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Posted: September 10, 2015

Motion for Relief from Judgment Under CPLR 5015 Must be Made by Order to Show Cause

On August 17, 2015, Justice Whelan of the Suffolk County Commercial Division issued a decision in Vin-Mike Enterprises v. Grigg, 2015 NY Slip Op. 31625(U), addressing the procedure for making a motion for relief from judgment under CPLR 5015.

CPLR 5015(a) provides:

The court which rendered a judgment or order may relieve a party from it upon such terms as may be just, on motion of any interested person with such notice as the court may direct, upon the ground of: 1. excusable default, if such motion is made within one year after service of a copy of the judgment or order with written notice of its entry upon the moving party, or, if the moving party has entered the judgment or order, within one year after such entry; or 2. newly-discovered evidence which, if introduced at the trial, would probably have produced a different result and which could not have been discovered in time to move for a new trial under section 4404; or 3. fraud, misrepresentation, or other misconduct of an adverse party; or 4. lack of jurisdiction to render the judgment or order; or 5. reversal, modification or vacatur of a prior judgment or order upon which it is based.

(Emphasis added). In Vin-Mike Enterprises, the court began its analysis of the defendant’s motion for relief from judgment by looking at how that motion had been brought:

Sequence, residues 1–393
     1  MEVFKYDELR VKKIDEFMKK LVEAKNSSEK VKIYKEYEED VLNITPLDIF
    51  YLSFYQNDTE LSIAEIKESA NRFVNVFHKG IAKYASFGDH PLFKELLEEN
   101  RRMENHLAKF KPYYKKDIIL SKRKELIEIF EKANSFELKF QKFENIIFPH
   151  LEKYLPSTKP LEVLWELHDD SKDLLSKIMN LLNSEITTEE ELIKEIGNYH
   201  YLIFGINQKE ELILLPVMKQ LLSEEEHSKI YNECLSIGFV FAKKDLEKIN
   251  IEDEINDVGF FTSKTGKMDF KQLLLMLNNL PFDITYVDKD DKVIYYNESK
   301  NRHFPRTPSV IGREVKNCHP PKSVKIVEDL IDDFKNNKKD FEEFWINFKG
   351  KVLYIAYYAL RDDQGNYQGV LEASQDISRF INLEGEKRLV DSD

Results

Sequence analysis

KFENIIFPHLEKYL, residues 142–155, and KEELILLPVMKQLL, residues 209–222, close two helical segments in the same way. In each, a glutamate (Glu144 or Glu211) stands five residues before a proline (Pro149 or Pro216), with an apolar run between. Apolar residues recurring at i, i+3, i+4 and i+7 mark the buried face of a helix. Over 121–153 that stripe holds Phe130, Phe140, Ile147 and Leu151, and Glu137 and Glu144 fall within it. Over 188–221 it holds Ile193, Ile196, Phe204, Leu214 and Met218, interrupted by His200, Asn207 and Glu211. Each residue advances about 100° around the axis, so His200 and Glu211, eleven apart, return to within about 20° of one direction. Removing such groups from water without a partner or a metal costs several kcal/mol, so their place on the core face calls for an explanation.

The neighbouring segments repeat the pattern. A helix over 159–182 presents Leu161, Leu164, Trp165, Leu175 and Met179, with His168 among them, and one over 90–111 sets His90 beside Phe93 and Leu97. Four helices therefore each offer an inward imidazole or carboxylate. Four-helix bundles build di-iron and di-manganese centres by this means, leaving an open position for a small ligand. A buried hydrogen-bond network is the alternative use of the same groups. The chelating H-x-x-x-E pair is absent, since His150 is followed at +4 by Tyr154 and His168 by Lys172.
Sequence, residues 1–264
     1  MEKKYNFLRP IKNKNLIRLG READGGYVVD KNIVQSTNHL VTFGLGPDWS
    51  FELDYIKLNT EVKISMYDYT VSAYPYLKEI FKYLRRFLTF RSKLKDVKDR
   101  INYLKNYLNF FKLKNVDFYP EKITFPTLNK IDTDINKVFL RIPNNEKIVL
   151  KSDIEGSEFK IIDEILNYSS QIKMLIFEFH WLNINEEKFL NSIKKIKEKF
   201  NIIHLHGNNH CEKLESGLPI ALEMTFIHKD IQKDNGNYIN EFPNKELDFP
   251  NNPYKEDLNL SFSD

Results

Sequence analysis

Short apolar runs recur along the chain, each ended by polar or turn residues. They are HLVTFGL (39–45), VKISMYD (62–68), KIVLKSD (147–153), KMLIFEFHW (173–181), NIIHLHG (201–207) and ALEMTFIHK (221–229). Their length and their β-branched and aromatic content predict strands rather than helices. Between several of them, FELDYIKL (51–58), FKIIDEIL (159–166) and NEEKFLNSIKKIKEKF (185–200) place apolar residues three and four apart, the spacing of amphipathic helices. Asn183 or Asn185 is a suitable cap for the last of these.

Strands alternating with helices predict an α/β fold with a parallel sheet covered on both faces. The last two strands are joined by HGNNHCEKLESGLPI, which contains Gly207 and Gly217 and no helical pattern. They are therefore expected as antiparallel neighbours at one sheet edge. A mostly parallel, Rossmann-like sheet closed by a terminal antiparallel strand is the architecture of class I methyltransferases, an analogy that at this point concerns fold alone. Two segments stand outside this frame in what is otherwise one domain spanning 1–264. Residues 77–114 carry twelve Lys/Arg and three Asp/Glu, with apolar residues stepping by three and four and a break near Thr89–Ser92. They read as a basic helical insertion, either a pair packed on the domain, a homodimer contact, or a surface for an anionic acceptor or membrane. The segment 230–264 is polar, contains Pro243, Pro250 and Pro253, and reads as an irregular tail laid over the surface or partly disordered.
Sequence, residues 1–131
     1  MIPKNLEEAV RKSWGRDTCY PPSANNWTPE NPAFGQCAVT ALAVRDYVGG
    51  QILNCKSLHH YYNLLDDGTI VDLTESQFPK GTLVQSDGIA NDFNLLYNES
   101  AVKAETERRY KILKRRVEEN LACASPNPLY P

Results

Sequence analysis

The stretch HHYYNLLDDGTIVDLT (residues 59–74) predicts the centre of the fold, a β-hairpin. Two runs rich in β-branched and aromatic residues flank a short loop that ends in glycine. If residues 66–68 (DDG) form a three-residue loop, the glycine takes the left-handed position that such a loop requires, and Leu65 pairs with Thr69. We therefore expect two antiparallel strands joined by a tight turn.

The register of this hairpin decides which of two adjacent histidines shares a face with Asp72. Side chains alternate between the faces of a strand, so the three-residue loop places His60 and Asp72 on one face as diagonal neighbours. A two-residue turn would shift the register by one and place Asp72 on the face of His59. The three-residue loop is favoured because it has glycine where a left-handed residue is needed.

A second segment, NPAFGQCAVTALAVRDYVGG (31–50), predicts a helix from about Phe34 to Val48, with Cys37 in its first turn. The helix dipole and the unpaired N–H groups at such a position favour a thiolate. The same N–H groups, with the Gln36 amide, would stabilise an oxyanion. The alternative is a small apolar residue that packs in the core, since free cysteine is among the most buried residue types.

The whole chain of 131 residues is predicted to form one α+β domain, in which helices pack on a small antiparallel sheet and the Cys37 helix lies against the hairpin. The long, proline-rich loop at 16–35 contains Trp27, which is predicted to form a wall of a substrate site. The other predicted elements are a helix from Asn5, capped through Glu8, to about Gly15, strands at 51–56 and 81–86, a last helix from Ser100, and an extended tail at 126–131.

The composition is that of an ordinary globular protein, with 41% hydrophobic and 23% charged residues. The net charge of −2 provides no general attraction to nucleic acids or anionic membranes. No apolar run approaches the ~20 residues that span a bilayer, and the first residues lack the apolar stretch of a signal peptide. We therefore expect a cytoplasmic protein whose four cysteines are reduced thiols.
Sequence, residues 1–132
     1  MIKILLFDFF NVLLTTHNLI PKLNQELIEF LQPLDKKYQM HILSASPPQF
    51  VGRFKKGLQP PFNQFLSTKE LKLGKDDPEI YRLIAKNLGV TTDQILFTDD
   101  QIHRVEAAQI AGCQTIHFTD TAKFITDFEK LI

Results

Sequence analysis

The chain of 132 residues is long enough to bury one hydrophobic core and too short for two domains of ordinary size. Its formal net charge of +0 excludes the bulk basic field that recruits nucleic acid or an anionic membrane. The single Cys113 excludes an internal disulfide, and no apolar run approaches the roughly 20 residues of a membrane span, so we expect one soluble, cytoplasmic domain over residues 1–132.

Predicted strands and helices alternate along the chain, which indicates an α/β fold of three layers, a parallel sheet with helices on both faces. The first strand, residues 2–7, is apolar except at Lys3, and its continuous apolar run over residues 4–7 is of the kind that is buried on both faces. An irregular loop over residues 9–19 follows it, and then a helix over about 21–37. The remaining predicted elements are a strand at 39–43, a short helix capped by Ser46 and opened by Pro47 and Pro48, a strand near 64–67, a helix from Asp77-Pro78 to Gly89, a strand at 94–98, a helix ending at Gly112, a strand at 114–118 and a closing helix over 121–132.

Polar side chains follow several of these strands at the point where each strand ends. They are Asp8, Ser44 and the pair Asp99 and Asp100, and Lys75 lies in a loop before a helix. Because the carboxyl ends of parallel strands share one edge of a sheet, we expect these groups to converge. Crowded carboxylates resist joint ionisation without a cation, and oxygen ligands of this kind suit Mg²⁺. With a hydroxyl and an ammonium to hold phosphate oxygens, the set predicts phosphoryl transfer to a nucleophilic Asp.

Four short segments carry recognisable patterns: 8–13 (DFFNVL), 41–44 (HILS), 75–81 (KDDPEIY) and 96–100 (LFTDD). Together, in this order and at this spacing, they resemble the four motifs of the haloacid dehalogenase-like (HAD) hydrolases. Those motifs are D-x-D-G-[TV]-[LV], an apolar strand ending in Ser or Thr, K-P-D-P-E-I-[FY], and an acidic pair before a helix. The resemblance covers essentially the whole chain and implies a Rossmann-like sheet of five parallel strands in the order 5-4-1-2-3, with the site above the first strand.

Subparagraph (a) of Rule 5015 mandates that a person seeking relief from a judgment or order entered in an action move for such relief “with such notice as the court may direct”. Motions pursuant to CPLR 5015(a) are thus required to be interposed by the presentation of an order to show cause providing in blank for court directives regarding the method and manner of service. At least one appellate court has determined that the failure to move for relief pursuant to CPLR 5015(a) by order to show cause is a jurisdictional defect warranting the vacatur of any order issued on an application not compliant with these requirements.

Here, the instant motion was interposed by a mere notice of motion rather than by order to show cause. The court thus had no opportunity to direct the method and manner of service. However, the plaintiff opposed the defendant’s motion and did so without claiming any prejudicial effect. The court shall thus consider the merits of the defendant’s motion as any jurisdictional defect was waived by the plaintiffs failure to object thereto.

(Internal quotations and citations omitted) (emphasis added).

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